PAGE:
Principal component analysis and functional regression are combined in a model to analyze a time series of pressure maps. The model is tested measuring the pressures over a chair seat while a subject performs a combination of simple movements. A sampling rate of 3 Hz is adequate for applying the model in sitting postures. The model is able to detect patterns of movement over time, although more variables are necessary if the movements produce similar pressure distributions.
Juan C. Chicote, Juan V. Durá, Juan M. Belda, and Rakel Poveda
Samuel Ryan, Thomas Kempton, and Aaron J. Coutts
selectively reduce the number of variables that are collected and analyzed to improve the efficiency of analysis without losing the veracity of the information provided by these data. One such method is principal-component analysis (PCA), a data reduction technique designed to evaluate the contribution of
Jianning Wu and Jue Wang
In this technical note, we investigate a combination PCA with SVM to classify gait pattern based on kinetic data. The gait data of 30 young and 30 elderly participants were recorded using a strain gauge force platform during normal walking. The gait features were first extracted from the recorded vertical directional foot– ground reaction forces curve using PCA, and then these extracted features were adopted to develop the SVM gait classifier. The test results indicated that the performance of PCA-based SVM was on average 90% to recognize young– elderly gait patterns, resulting in a markedly improved performance over an artificial neural network–based classifier. The classification ability of the SVM with polynomial and radial basis function kernels was superior to that of the SVM with linear kernel. These results suggest that the proposed technique could provide an effective tool for gait classification in future clinical applications.
I-Chieh Lee, Yeou-Teh Liu, and Karl M. Newell
We investigated the coordination of balance and propulsion processes in learning to ride a unicycle through a principal component analysis (PCA) of the nature and number of functional degrees of freedom (DOF) in the movement coordination patterns. Six participants practiced unicycle riding on an indoor track for 28 sessions over separate days. The movement time and performance outcomes were recorded for each trial and body segment kinematics were collected from the first and every succeeding 4th session. The first appearance of no-hand-support performance varied across participants from the 5th practice session to the 22nd session. The PCA showed that initially in practice the 39 kinematic time series could be represented by 6–9 components that were reduced over practice to 4–7 components. The loadings of the PCA that reflected balance and propulsion processes became more coupled as a function of successfully riding the unicycle. The findings support the proposition that learning to ride the unicycle is a process of making the system more controllable by coordinating balance and propulsion while mastering the redundant DOF.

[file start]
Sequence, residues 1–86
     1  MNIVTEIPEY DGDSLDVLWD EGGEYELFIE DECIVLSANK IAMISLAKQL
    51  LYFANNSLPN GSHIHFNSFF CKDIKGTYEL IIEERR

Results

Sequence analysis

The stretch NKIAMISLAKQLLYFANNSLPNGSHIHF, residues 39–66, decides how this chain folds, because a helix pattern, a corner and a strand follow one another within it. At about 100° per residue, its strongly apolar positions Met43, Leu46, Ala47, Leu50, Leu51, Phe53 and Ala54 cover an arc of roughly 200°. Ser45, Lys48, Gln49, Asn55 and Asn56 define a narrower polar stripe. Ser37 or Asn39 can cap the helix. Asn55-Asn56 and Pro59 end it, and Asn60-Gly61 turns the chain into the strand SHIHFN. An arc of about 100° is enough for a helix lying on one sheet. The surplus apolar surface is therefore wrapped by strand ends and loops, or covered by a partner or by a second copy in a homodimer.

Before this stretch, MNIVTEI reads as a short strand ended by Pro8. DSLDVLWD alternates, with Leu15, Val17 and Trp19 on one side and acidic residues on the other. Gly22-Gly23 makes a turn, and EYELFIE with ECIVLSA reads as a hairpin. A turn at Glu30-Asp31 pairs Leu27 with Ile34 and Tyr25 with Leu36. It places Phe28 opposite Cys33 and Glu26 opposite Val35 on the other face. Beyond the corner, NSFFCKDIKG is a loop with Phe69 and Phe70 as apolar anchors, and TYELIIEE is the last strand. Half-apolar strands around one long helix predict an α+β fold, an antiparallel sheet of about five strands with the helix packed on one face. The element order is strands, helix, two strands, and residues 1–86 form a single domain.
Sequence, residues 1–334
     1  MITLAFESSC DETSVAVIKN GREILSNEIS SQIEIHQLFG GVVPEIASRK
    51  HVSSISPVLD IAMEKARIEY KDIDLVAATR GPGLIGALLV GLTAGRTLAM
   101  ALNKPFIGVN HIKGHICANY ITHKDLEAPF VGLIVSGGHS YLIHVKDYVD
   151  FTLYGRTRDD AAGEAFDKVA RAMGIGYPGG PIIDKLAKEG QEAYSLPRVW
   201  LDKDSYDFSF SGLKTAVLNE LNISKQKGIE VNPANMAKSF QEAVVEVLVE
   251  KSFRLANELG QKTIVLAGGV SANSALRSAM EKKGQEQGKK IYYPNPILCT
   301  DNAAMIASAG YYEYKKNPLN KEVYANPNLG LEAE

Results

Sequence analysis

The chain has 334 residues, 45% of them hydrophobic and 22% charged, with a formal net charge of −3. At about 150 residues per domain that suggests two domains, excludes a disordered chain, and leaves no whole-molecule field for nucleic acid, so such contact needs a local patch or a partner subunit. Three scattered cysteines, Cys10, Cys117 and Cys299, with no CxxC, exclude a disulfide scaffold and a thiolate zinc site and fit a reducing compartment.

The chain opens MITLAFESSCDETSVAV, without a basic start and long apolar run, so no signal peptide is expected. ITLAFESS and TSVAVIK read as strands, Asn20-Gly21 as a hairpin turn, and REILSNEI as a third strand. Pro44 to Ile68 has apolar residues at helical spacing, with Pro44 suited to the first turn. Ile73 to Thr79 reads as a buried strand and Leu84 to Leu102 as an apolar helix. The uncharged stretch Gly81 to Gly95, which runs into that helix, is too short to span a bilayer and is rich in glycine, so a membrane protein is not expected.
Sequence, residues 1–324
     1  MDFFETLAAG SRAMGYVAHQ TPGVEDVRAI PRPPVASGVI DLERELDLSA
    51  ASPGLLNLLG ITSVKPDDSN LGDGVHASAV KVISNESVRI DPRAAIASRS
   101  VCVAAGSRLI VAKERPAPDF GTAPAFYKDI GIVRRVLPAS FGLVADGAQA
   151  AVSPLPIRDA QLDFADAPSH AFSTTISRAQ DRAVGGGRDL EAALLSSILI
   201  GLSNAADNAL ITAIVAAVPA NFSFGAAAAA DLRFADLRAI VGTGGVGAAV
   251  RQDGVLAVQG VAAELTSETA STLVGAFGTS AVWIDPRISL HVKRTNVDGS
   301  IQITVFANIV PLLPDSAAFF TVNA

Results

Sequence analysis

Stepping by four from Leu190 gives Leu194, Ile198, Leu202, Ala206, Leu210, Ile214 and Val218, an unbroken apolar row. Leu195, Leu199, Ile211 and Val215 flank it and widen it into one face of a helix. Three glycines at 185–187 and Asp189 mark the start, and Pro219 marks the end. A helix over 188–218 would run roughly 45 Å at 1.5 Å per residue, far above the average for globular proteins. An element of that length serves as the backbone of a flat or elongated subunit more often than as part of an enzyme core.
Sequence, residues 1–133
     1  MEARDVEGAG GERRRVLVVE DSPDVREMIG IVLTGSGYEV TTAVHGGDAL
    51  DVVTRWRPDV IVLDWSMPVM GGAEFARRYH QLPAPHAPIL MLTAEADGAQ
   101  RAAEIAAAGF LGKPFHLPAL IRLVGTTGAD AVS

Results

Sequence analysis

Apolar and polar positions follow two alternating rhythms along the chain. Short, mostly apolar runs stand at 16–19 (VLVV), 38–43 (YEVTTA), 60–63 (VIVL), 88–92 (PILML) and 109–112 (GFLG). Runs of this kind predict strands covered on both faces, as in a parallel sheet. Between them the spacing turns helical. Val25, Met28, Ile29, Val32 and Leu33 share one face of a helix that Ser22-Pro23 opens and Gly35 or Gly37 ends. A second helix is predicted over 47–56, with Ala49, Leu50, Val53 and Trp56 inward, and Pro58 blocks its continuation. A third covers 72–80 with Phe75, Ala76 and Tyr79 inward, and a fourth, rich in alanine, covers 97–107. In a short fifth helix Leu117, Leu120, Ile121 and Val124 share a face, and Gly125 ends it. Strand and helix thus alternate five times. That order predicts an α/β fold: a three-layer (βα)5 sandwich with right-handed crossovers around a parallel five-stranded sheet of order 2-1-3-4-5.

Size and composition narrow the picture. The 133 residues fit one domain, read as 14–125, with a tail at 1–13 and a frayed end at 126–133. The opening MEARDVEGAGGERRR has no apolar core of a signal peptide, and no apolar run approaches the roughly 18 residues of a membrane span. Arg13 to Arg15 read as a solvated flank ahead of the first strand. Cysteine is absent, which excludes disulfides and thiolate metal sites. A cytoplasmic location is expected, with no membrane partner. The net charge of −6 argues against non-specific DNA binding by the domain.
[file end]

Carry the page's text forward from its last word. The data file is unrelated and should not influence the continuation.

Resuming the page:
Steffi L. Colyer, Keith A. Stokes, James L.J. Bilzon, Marco Cardinale, and Aki I.T. Salo
An extensive battery of physical tests is typically employed to evaluate athletic status and/or development, often resulting in a multitude of output variables. The authors aimed to identify independent physical predictors of elite skeleton start performance to overcome the general problem of practitioners employing multiple tests with little knowledge of their predictive utility.
Multiple 2-d testing sessions were undertaken by 13 high-level skeleton athletes across a 24-wk training season and consisted of flexibility, dry-land push-track, sprint, countermovement-jump, and leg-press tests. To reduce the large number of output variables to independent factors, principal-component analysis (PCA) was conducted. The variable most strongly correlated to each component was entered into a stepwise multiple-regression analysis, and K-fold validation assessed model stability.